Titel: Happiness and Education
Autor/en: Nel Noddings
CAMBRIDGE UNIV PR
9. April 2015 - gebunden - 318 Seiten
Explores what we might teach if we take happiness seriously as an aim of education.
Part I. Happiness as an Aim of Life and Education: 1. Happiness; 2. Suffering and unhappiness; 3. Needs and wants; 4. The aims of education; Part II. Educating for Personal Life: 5. Making a home; 6. Places and nature; 7. Parenting; 8. Character and spirituality; 9. Interpersonal growth; Part III. Educating for Public Life: 10. Preparing for work; 11. Community, democracy, and service; 12. Happiness in schools and classrooms; Notes; Bibliography; Index.
Nel Noddings is Lee L. Jacks Professor of Education, Emerita, at Stanford University. She is author of 12 books; the latest two are Educating Moral People: A Caring Alternative to Character Education and Starting at Home: Caring and Social Policy, both published in 2002. Noddings spent 15 years as teacher, administrator, and curriculum developer in public schools; she served as Director of the Laboratory Schools at the University of Chicago. At Stanford, she received the Award for Teaching Excellence three times, most recently in 1997. She is member of the National Academy of Education, a Laureate member of Kappa Delta Pi, and she holds two honorary degrees in addition to a number of awards, among them the Anne Rowe Award for contributions to the education of women (Harvard University), the Willystine Goodsell Award (AERA), a Lifetime Achievement Award from AERA (Div. B), and the Excellence in Education Award (Pi Lambda Theta).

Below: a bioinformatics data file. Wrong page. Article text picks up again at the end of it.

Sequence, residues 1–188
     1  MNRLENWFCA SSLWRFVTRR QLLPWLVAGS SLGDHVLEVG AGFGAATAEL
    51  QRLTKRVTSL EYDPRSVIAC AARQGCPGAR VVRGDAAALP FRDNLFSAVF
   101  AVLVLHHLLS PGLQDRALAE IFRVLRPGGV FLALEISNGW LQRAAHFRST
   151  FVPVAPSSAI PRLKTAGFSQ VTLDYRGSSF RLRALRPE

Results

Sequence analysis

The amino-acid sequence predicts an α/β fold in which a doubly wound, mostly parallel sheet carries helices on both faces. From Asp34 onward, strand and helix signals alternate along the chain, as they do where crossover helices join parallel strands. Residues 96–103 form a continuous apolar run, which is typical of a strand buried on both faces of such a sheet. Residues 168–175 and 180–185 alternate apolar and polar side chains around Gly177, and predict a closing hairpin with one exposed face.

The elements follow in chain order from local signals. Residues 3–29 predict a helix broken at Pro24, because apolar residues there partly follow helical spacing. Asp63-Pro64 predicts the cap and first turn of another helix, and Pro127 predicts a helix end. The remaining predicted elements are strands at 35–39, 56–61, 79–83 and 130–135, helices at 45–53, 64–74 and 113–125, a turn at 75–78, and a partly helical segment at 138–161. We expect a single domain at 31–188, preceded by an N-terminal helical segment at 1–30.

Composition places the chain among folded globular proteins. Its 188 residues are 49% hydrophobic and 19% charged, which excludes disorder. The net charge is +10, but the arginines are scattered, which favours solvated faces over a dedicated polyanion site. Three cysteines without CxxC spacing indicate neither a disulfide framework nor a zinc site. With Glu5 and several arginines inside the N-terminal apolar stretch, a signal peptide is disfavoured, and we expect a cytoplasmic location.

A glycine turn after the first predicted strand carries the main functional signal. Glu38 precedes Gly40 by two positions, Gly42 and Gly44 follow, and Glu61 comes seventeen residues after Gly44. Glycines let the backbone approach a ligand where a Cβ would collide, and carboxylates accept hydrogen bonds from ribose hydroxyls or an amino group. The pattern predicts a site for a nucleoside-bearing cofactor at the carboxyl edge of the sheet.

'Nel Noddings' beautiful book, Happiness and Education, is an incandescent joy to read. The educational landscape of the past ten years would be a very different one if voices as humane and wise as hers had been more widely heard. I have been hungering for a book like this and am grateful to Nel Noddings for providing it.' Jonathan Kozol, author of Savage Inequalitites and Ordinary Resurrections 'Noddings' thesis and argument that happiness and education not only can but should coexist must be taken seriously by everyone concerned about preparing children and young adults for a truly satisfying life in our democratic society.' Catholic Library World 'Happiness and Education is ultimately a critique of American culture, not just its educational system. But Noddings shows how the narrow curriculum found in most classrooms helps shape a culture with some misguided priorities. Perhaps today's educational leaders would benefit from reading her book and exercising some critical thinking of their own.' Greater Good 'The most important and influential philosopher on the concept of caring in education, Noddings beautifully synthesizes her admirable corpus in this new book ... In sum, reading Noddings is akin to earning a condensed, invigorating form of liberal education in philosophy, psychology, literature, and theology. Highly recommended.' Choice 'The result is a thesis that can offer all those who work with young people the opportunity to re-evaluate the nature of children's educational experiences and how these can impact on later experiences in life.' The Psychologist '[Noddings'] book should be required reading for anyone interested in education and politicians should be made to read it and pass an appropriate test before they are ever let loose on any of our educational institutions. There is a substantial rage of good references to allow the interested reader to pursue the debate, and many of these seem to have been chosen also for their ability to interest and engage the reader. The book is highly recommended as a stimulating read for anyone interested in education or working with children and young people. However, the book has a much wider importance than this. It is a humane, wise and invigorating reminder of the older and broader question of how we ought to live. It is also written in a style that encourages enjoyment and celebrates learning for its own sake.' Youth & Policy 'this is a revolutionary book. If educators were to accept its premise and be guided by its arguments, those involved in educating children and youth would have to dramatically rethink what they need and want to accomplish with their students. they would restructure what they do in the class room, not only the content but also the interactions they have with students.' American Journal of Psychology